Plane accidents do not occur as frequently as other types of transportation modes such as cars, trucks, buses, motorcycles and trains but when they do occur the injuries are usually more catastrophic or deadly.
When you hear of an aviation accident usually the first thing you think is that there was a pilot error. Human error plays a large role in plane accidents but the mistake may not be the pilots fault and the error could have been by caused by the ground crew, mechanics, maintenance personnel or the air traffic controller (ATC).
After you are on a plane and taxiing on the runway you may see a tower high in the air near the airport terminal. In that tower sits the air traffic controller. The air traffic controller is responsible for giving directions and notifications to airplanes on the ground and in the air. Unlike pilots, ATC's are responsible for multiple planes or flights at the same time. Because any error caused by an air traffic controller can lead to two planes colliding and causing hundreds of passengers to become catastrophically injured or killed, the ATC must follow strict rules and regulations in order to keep the pilots, crews and passengers safe.
The responsibilities of Air Traffic Controllers include:
- Directing pilots to the runway
- Organize takeoffs
- Organize landings
- Alert pilots of other aircraft or planes in the sky
- Assist with directing planes en route to their destinations
- Maintain contact with pilot during the entire flight
- Monitor weather conditions
- Direct ground, maintenance and baggage crew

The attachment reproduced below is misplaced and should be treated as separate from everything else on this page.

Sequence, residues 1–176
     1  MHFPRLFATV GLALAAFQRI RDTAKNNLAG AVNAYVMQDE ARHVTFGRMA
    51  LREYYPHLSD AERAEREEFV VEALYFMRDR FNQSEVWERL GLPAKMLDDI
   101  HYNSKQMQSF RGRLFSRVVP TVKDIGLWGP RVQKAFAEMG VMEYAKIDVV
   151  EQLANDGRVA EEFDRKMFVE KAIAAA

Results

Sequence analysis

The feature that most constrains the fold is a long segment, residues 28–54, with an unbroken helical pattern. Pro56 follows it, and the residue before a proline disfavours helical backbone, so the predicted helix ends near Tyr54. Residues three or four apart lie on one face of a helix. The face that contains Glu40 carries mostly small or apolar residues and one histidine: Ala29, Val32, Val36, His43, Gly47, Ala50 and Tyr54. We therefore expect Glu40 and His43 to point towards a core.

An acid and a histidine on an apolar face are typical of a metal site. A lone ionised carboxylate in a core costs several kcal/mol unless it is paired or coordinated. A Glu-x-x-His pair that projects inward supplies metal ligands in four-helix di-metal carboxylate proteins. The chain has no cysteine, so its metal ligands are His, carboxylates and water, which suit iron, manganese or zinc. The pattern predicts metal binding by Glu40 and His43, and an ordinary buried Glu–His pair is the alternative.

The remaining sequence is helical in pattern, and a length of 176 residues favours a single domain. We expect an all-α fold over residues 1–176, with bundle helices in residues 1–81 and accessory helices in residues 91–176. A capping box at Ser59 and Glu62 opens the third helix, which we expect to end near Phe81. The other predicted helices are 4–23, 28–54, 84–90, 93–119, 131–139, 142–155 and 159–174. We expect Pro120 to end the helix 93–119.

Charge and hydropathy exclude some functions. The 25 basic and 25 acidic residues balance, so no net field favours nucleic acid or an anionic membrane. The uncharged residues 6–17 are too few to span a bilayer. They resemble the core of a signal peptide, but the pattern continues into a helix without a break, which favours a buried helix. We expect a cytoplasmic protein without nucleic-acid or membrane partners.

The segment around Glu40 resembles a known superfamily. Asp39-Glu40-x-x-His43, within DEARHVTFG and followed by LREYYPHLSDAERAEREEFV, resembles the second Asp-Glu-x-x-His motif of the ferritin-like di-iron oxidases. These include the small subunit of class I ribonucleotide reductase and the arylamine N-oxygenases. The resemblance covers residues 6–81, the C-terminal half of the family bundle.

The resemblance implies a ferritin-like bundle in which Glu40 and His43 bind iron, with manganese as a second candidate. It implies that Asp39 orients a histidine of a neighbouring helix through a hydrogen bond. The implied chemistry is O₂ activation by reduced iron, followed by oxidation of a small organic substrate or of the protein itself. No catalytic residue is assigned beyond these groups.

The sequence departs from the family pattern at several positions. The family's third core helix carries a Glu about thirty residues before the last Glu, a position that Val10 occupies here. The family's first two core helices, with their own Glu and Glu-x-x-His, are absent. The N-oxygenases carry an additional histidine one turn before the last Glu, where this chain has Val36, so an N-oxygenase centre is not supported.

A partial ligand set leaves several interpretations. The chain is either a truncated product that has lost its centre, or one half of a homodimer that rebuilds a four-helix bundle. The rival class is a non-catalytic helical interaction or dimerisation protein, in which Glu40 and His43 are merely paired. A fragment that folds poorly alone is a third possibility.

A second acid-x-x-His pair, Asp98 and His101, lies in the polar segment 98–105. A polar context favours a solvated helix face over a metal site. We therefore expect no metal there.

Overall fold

Because air traffic controllers work in high paced and high stressed working conditions, they may be prone to making decision errors if they are not careful. Some of the more common causes of air traffic controller error are:
- Fatigue or exhaustion
- Falling asleep at the tower or while on watch (which is what happened at Reagan National Airport)
- Intoxication or under the influence of drugs or medications
- Very heavy air traffic
- Improper training
- Using a cell phone while on duty (which is what caused two planes to collide over the Hudson River)
- Texting while on watch
- Improperly vectoring or directing the plane
- Miscommunication with pilots or ground crew
- Poor judgment
- Negligent guiding of planes in bad weather including storms, fog, ice and tornadoes
- Failure to keep planes at a safe distance from one another
- Failure to prevent runway incursions such as stray baggage carts or a plane that made a wrong turn.
- Failure to maintain communication with planes
Any failure on behalf of an air traffic controller can lead to an airplane crash, runway accident or mid-air collision. Here at the Beasley aviation law firm, Jim Beasley is not only an attorney and a physician but also an accomplished stunt pilot, with commercial and multi-engine instrument ratings, and is one of the few pilots in the world qualified to operate high performance World War II fighter aircraft, such as the North American P-51 Mustang and the immortal Super marine Spitfire. He is one of a dozen civilian pilots chosen by the U.S. Air Force to fly these classic fighters alongside today's operational fighters at air shows around the world. Jim's knowledge and expertise in all areas pertaining to airplanes and aircraft has made him a leader in aviation negligence law. The Beasley Firm has decades of experience representing victims of the most serious and high-profile aviation accidents, including the accident that took the life of Senator John Heinz. If you or a loved one was injured or killed due to a plane accident or aircraft crash please feel free to contact our airplane experts at (215) 866-2424 for a strictly confidential and free consultation.